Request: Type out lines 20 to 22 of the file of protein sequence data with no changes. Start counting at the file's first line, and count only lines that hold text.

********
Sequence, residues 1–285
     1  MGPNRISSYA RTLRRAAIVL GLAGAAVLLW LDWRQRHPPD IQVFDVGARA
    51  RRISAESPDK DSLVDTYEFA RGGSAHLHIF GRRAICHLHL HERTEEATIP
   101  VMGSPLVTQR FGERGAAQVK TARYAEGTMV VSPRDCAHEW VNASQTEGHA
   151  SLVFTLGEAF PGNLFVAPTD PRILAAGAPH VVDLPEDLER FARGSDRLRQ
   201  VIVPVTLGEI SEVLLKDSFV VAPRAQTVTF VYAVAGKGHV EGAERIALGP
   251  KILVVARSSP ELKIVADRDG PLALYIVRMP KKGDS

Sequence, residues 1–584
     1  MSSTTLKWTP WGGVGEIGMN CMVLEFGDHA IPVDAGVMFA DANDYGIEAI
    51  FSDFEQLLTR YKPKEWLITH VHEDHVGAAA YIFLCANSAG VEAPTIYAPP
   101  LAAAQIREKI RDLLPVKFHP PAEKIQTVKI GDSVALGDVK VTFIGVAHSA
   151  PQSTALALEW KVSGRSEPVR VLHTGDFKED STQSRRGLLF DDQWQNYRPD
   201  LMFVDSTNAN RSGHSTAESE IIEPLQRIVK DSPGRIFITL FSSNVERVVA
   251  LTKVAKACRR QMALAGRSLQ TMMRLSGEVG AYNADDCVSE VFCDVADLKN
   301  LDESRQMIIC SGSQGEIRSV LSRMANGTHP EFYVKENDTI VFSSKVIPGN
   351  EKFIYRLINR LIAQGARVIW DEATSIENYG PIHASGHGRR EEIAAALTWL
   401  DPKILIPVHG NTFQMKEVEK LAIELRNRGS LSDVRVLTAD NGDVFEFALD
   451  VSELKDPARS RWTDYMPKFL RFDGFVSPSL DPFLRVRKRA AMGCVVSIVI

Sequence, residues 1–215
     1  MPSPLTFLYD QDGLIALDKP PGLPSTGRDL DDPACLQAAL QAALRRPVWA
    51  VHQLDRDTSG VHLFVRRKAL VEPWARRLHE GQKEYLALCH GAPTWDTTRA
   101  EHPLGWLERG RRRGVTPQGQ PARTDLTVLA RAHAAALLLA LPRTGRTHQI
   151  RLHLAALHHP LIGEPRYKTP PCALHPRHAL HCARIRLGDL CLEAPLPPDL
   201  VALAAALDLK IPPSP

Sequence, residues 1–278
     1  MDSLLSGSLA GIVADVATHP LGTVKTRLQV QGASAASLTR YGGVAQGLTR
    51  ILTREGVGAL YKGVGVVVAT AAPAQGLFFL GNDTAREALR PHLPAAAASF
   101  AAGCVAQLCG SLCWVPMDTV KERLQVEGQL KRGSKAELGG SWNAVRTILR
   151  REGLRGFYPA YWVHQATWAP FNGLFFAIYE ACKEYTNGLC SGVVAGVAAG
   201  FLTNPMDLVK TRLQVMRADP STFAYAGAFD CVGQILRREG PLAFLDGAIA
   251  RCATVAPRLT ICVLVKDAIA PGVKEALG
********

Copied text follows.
     1  MPSPLTFLYD QDGLIALDKP PGLPSTGRDL DDPACLQAAL QAALRRPVWA
    51  VHQLDRDTSG VHLFVRRKAL VEPWARRLHE GQKEYLALCH GAPTWDTTRA
   101  EHPLGWLERG RRRGVTPQGQ PARTDLTVLA RAHAAALLLA LPRTGRTHQI